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29  Comparison of the liquidity impact: islamic vs conventional banks (1/2) Clearly, LCR and NSFR are not calibrated for Islamic banks and do not take into account the specificity of this industry.  For the LCR, it misses to Islamic banks the abundance of Shariah Compliant short term instruments  For the NSFR, there is no profusion of longer term liabilities that can be withdrawn at short term…  Despite this, Basel III, finally, will not penalize more than today Islamic banks for the following reasons: Today, major competitive distortion due to the lack of short term liquidity instruments in Islamic Finance, but also because conventional banks did not have liquidity constraints and that this new framework will be very penalized for them (46% does not respect the LCR and 43% the NSFR) Islamic Banks are limited, since their origin, in terms of liquidity so, Basel III impact will be much less important than for conventional banks In general, Islamic banks are largely deposit funded (over 50% in general) with mainly maturities less than one year. As Basel III allows banks to include the portion of the Short term deposits with a 10% haircut, we can expect the NSFR will not be so constraining for Islamic Institutions. Establishment of the IILM, to create and issue short-term Shari’ahcompliant financial instruments to facilitate effective cross-border Islamic liquidity management. Chapter 6 – impact of the leverage ratio on the islamic banks

30 30 1.Overview of Basel III framework 2.Impact of the new capital requirements and ratios on Islamic banks 3.Basel III impact on the risk computation of islamic banks 4.Capital conservation buffer and countercyclical buffer in islamic banks 5.Impact of the leverage ratio on the islamic banks 6.Basel III new liquidity ratios on the islamic banks 7.Conclusion Source: Text

31  Despite the fact that Islamic finance holds global appeal in its provision of Shariah-compliant financial services for both Muslims and non-Muslims, the Basel III has so far often failed to make a distinction between conventional and Islamic finance.  Based on this theorical analysis, we can say that Basel III will have a limited impact on the risk, own funds and regulatory ratios compared to conventional banks  In effect, these banks have taken higher risks regarding their own funds and in a spirit of maximization their return on equity, have a regulatory ratio, in general, a little bit above the limit (between 8 and 12%). When at the same time, Islamic banks already maintain capital levels well above the current regulatory minimum. (> 12% in general).  And with the recent crisis, major parts of these banks have initiated a rethink of their business model in order to limit Basel III impact with, sometimes, big consequences: in France, local authorities lending market was deserted by the historical commercial banks as the maturities are too high…  Concerning the liquidity, the new ratios, LCR and NSFR, will require Islamic banks to hold more liquid assets for wholesale funding than they are required to under the existing liquidity framework but as for the own funds, we can anticipate that the impact will be inferior than in the conventional system as the islamic banks are historically constrained in terms of liquidity and as there are historically well capitalized as regard to their exposures. Conclusion (1/2)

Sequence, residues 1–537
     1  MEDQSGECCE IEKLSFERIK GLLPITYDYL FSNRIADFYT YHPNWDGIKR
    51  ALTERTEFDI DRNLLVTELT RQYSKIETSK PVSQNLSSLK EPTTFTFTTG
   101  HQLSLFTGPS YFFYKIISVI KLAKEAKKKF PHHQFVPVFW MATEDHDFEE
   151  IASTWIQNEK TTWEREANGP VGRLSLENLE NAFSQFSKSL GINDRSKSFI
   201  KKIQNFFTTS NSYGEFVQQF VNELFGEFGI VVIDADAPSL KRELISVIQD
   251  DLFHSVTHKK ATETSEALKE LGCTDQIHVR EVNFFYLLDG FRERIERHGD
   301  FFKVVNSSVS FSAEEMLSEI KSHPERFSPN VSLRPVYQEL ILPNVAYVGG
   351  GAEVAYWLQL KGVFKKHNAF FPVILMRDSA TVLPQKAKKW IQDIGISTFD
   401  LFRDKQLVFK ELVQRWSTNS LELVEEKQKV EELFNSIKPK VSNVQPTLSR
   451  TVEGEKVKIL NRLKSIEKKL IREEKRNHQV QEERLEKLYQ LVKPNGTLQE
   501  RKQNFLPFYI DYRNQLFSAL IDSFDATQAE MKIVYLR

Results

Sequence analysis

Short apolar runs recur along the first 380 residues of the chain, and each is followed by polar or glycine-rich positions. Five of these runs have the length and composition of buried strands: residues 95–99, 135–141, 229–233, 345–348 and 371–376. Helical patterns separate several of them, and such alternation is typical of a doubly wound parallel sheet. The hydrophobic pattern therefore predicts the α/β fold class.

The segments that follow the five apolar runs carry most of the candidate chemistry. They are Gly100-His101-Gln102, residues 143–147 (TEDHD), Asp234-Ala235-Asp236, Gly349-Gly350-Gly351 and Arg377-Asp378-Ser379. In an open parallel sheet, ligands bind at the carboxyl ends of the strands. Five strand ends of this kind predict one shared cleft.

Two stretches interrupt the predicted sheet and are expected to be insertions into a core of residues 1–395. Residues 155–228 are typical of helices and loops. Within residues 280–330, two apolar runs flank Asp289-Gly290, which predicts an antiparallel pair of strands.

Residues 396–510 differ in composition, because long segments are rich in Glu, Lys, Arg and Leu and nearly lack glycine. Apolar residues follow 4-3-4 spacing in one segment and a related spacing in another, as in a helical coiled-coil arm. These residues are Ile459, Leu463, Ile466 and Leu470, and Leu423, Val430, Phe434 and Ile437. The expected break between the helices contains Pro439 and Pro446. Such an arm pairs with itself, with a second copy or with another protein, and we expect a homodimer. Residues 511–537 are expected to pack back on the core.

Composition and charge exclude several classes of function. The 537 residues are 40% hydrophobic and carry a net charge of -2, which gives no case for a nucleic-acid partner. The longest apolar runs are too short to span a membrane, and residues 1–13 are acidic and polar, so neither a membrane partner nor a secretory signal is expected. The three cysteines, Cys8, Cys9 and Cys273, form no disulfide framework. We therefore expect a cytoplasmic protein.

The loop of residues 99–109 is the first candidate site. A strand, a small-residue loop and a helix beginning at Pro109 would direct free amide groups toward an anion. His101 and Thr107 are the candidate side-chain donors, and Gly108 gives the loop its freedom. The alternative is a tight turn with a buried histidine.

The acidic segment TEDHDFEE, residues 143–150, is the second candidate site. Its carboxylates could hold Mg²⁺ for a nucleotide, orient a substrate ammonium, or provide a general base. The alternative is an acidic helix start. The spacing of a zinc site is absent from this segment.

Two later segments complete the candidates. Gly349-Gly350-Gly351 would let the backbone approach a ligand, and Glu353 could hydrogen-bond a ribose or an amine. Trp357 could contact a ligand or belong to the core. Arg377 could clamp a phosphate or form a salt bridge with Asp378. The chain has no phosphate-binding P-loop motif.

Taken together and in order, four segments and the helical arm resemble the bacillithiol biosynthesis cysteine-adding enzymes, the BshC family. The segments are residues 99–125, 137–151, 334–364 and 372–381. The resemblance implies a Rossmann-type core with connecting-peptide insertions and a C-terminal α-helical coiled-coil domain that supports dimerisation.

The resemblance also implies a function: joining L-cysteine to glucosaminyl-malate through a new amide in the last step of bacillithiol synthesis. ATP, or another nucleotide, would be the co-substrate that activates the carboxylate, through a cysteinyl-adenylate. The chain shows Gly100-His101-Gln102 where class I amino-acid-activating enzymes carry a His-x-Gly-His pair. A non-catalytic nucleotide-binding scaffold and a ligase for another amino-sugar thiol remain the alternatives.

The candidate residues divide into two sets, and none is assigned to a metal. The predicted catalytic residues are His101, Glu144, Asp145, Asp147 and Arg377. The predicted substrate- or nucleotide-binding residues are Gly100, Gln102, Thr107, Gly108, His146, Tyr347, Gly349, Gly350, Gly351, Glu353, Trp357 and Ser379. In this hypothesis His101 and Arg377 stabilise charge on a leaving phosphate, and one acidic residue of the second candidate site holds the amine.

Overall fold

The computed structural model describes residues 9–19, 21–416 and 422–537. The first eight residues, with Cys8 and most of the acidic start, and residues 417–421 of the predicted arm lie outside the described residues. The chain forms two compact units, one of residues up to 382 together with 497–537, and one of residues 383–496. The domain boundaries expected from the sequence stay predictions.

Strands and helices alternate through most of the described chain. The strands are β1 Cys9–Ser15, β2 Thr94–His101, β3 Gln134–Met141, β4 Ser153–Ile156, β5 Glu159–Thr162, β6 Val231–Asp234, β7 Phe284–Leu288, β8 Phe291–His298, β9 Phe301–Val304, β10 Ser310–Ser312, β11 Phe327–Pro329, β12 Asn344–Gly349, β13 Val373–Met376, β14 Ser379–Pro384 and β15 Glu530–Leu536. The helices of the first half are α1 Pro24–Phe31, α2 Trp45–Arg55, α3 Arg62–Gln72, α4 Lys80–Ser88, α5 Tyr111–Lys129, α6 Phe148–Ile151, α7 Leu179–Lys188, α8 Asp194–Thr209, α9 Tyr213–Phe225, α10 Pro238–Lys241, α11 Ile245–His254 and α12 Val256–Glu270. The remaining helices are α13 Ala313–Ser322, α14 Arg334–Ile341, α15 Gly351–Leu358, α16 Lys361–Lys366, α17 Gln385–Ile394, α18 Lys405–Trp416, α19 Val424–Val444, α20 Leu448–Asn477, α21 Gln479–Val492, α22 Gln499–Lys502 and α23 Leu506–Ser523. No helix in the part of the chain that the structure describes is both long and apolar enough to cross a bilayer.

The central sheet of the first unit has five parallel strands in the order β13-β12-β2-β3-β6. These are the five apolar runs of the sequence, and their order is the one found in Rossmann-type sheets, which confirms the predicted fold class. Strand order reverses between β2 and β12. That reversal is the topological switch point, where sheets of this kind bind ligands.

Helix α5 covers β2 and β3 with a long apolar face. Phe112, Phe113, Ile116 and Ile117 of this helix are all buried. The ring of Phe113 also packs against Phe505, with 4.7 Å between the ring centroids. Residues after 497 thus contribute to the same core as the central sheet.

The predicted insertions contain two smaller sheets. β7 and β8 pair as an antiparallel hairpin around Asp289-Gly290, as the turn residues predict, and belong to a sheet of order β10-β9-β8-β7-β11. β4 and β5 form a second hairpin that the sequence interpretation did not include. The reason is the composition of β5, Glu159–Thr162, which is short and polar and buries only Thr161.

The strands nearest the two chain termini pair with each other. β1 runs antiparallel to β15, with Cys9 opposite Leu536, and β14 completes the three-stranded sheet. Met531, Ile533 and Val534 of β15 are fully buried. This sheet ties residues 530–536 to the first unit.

32  Comparatively with conventional banks, Islamic banking industry seems to be less impacted by Basel III as the business model is more conservative and derivatives and short selling is forbidden. It is a possibility for them to increase their international competitively as regard as the big impact that Basel III has in the business model of conventional banks  As Islamic banks cannot adopt Basel III without modification according to their specificities, IFSB should adapt theses new regulations in order to permit to Islamic banks to adopt the new international standards.  The next step of this research is to stand the definitive vote of the European transposition of Basel III and réalize a comparative and rigorous analysis in order to see Basel III impacts in islamic and conventional banks by using a representative panel of conventional (investment and wholesale) and islamic banks. It will be the topic of the next research paper incha Allah. Conclusion (2/2)

33 Thank you for your attention Chapter 6 – impact of the leverage ratio on the islamic banks